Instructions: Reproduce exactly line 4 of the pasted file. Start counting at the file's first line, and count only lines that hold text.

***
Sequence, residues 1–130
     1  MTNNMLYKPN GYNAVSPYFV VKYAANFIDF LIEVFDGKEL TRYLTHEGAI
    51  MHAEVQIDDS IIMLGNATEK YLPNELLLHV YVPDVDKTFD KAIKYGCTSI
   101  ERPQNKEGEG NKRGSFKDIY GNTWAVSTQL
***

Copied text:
   101  ERPQNKEGEG NKRGSFKDIY GNTWAVSTQL